February 5, 2011

Letting go of 'Jumbo Joe'

Joe Thornton's visit to the Garden on Saturday was his third since joining the Sharks. (Getty)

BOSTON -- Nearly six years since being traded to San Jose in the fall of 2005, Joe Thornton still must answer the same, rehashed questions every time the Bruins appear on the Sharks' daily calendar.

 For many fans, even the true diehards, the pain that the lopsided swap brought them is now gone. In fact, so are Brad Stuart, Wayne Primeau and even Marco Sturm -- the last remaining part of the return the B's received for Thornton.

 While the departure of the team's captain and the cornerstone of the franchise was devastating, even the good times during Thornton's tenure are becoming more foggy as each season passes.

 And yet, even though this is visit No. 3 to Boston for the Sharks pivot, even though literally 1,839 days have passed since Thornton last sported Black and Gold, the former No. 1 overall pick is still subjected to the same slew of questions centering around what might have been.

 Oh, Boston, when will you ever just let go of 'Jumbo Joe'?

 Thornton was a good sport this afternoon when asked if he'd ever imagined how his career would have played out were he still sporting the Spoked-B, but no one can blame the 31-year-old center for admittedly not wasting a whole lot of time thinking about such a scenario.

 "You really don’t like to look back and kind of say what could have happened if I stayed here or things like that," he said. "I said out there (in the hallway) that I really enjoyed my time out here. I still have a lot of family and friends out here. I always like coming back, but I am a Shark and I like being out there (in San Jose)."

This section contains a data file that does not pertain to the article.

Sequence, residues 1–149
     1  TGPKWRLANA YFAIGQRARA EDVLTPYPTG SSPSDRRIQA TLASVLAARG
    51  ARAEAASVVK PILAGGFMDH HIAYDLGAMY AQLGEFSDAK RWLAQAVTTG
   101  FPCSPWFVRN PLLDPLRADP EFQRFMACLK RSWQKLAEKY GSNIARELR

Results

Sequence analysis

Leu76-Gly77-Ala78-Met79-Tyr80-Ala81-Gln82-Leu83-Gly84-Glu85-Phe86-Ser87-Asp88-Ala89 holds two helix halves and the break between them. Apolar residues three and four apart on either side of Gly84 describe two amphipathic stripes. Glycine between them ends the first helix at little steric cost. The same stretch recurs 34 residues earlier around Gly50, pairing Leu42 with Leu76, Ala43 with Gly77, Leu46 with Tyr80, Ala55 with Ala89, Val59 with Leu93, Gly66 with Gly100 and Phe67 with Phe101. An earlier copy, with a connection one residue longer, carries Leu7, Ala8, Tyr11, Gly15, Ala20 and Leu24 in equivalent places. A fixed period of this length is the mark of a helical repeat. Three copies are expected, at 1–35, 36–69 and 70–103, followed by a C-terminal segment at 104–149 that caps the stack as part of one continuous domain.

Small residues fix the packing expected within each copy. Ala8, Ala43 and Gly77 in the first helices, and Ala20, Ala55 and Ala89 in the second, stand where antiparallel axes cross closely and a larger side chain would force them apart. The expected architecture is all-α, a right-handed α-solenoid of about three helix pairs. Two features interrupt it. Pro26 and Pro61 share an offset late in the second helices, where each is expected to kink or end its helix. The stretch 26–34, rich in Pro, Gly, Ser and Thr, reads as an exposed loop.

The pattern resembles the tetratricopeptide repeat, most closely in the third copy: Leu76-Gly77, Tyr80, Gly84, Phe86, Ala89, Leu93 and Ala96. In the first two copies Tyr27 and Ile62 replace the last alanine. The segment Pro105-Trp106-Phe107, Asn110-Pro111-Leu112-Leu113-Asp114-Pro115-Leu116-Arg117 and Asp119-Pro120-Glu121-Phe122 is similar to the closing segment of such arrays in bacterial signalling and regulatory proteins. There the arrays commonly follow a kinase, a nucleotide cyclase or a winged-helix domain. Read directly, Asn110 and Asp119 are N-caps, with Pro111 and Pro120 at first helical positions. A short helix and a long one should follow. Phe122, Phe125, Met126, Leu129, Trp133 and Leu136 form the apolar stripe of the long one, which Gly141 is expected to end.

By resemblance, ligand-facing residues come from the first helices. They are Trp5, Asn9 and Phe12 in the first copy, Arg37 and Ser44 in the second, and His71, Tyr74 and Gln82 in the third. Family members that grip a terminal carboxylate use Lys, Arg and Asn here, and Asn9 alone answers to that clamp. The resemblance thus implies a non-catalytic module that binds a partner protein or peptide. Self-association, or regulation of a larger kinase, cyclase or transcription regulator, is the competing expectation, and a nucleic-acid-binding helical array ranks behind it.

Thornton has spent the last 434 regular season games -- slightly less than half of his NHL career -- as a member of the Sharks. He was appointed their captain this past summer. While he has fallen short of reaching his ultimate goal and bringing a Stanley Cup to San Jose, No. 19 has gone to battle in 56 playoff games over the past five postseasons.

 Add it all up, a sum of 490 games, and no wonder a win over the B's has zero sentimental value to Thornton.

 "It is just a win," said Thornton. "Maybe the first time I was here, you wanted to win the first one. But now it's just any other road game, I think."

 Thornton was a pretty special player during his time with the B's, and the face of the franchise at the time of his departure.

 Considering that, it's understandable why the trade is still heavily debated on various hockey forums. It's understandable why some still contemplate how a Thornton-led B's squad might've fared over the past few seasons.

This isn't Marty Reasoner, Andrew Alberts or any other briefly-tenured Bruin coming back to Boston. This is Joe Thornton, a player that was expected to one day lead the Black and Gold to glory from the moment he arrived with his long, blonde hair as a fresh-faced rookie in 1997.

 But, in the ever-changing landscape of professional sports, five-plus years ago is practically ancient history. Thornton has clearly moved on, and it's time we followed suit.